The Pagani Huayra Tricolore is a RM27 million statement of national pride



Remember the aircraft-inspired model that Pagani teased last week on its Twitter account? Well, it turns out that it is a special limited-edition of the Huayra called the Tricolore, designed to honour the 60th anniversary of the Italian national acrobatics patrol, the Frecce Tricolori. Only three examples of these exquisite supercars will ever be built.

Clearly, we should’ve known better, because this isn’t the first time that Pagani has honoured the Frecce Tricolori – the Italian supercar maker also made the three-units-only Zonda Tricolore just ten years ago, in celebration of the national acrobatics team’s 50th anniversary.

Back to the Huayra Tricolore, Pagani has tweaked the bodywork of the new limited-edition Huayra Roadster, with new aerodynamic parts inspired by the Air Force’s Aermacchi MB-339A P.A.N jets. There’s now a more pronounced front splitter with a completely new aerodynamic profile to maximise downforce, while the larger side extractors on the new front bumper helps increase the efficiency of the intercooler.

Right behind the roofless passenger compartment is a new air scoop with a new “innovative air conveying system” to channel an even greater airflow of cold air directly to the engine. At the back, the rear diffuser has also been further optimised, and the rear wing fully integrated with the rear hood to help achieve a “perfect aerodynamic balance”, compensating for increased downforce upfront.

The styling approach on the Pagani Huayra Tricolore also heavily mimics that of the fighter jet, with the line of the air scoop extending all the way towards the rear wing. The rear wing supports also have a similar shape with the tail fin of the jets’, and displays the number of the car on the outer sides – just like the patrol aircraft.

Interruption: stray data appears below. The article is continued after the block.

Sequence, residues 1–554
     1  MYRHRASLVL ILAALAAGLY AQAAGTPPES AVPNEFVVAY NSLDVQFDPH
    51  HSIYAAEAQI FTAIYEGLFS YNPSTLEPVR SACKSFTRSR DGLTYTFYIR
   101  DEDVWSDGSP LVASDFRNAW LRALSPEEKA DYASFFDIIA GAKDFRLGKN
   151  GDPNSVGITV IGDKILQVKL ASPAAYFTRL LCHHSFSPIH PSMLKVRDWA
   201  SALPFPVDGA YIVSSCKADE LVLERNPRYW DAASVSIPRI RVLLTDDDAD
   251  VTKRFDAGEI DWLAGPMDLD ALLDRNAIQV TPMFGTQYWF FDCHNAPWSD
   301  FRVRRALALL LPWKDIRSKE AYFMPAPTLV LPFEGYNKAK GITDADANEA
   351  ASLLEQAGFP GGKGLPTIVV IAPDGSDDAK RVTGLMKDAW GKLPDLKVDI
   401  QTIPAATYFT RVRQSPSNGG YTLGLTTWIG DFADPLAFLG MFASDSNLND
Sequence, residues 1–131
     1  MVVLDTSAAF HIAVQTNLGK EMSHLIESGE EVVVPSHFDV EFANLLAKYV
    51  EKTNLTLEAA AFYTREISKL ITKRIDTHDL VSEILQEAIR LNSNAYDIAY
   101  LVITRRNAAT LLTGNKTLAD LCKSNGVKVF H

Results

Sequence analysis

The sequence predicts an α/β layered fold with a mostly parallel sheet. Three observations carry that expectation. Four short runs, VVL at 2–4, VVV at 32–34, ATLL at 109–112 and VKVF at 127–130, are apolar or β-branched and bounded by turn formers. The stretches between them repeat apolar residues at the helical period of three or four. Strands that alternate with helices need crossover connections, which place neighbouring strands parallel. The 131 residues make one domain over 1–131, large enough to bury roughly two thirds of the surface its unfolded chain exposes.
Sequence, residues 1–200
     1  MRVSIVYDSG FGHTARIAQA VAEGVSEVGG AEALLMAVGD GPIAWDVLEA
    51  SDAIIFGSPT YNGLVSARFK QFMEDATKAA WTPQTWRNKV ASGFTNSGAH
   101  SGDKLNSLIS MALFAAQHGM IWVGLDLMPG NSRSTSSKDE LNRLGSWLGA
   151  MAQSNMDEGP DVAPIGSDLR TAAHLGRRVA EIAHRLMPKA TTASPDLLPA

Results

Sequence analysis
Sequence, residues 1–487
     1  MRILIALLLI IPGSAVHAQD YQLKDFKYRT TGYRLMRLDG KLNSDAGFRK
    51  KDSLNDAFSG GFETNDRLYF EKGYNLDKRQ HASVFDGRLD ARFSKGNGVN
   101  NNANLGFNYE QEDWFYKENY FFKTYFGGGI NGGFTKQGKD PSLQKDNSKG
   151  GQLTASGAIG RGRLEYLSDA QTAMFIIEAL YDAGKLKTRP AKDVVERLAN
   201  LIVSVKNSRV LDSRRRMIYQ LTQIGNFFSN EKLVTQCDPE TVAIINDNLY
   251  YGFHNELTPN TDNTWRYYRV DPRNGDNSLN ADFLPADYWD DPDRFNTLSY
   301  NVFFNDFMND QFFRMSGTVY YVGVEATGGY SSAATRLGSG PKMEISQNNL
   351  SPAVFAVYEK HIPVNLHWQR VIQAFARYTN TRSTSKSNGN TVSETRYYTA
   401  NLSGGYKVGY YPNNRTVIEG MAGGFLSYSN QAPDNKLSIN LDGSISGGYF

The aircraft-inspired model is also finished in a special livery, featuring the tricolour running along the sides of the car “like an impetuous engulfing flow of air”. The graphic stripe extends up to the rear lights, and is matched with a translucent blue carbon colour.

The headlights and side air intakes are framed by billet-machined anodised aluminium, which are inspired by aeronautics, while the wheels take inspiration from the turbines of an airplane.

However, the main highlight on the Pagani Huayra Tricolore is found on the centre of the front bonnet, which features a pilot tube – the instrument aircraft use to measure the macroscopic air speed and determine their aerodynamic condition. The airspeed is displayed as Mach numbers on the anemometer placed on the dashboard.

On the inside, the Huayra Tricolore is dressed in two-tone blue and white, with leather inserts on the seats in the Italian flag’s tricolour as another nod to the patrol’s aircraft. All aluminium parts are made from aerospace-grade alloys and machined from billet before being anodised in a distinctive blue colour.

The gear knob deserves special mention here, as the entire piece is carved from a single block of aluminium and carbon, then milled through a five-axis numerical control centre and finally hand polished with a “special transparent treatment”. Other details on the interior include the emblem of the Frecce Tricolori on the four-point seatbelt fastener, and embroidered on the headrests.

The new Tricolore model is powered by a Mercedes-AMG-sourced 6.0 litre twin-turbo V12, which sends 840 hp and 1,100 Nm of torque to the rear wheels. The engine is paired to a Xtrac seven-speed transverse AMT with an electromechanical differential.

As mentioned above, only three units of the aerospace-inspired special edition will ever be made. But instead of a normal 1-3 numbering system, Pagani is numbering the Huayra Tricolore according to the acrobatic patrol’s three main formation leaders’ numbers: Number 0 for the commander who directs the show from the ground, Number 1 for the Head of Formation who leads the patrol during all aerobatic manoeuvres, and Number 10 – the Soloist who splits off from the group in the most spectacular sequences.

Each of these exquisite machine will start from EUR5.5 million (~RM 27 million) before tax, but judging by how highly sought-after the Zonda Tricolore is now, it’s probably worth it if you can afford it.


GALLERY



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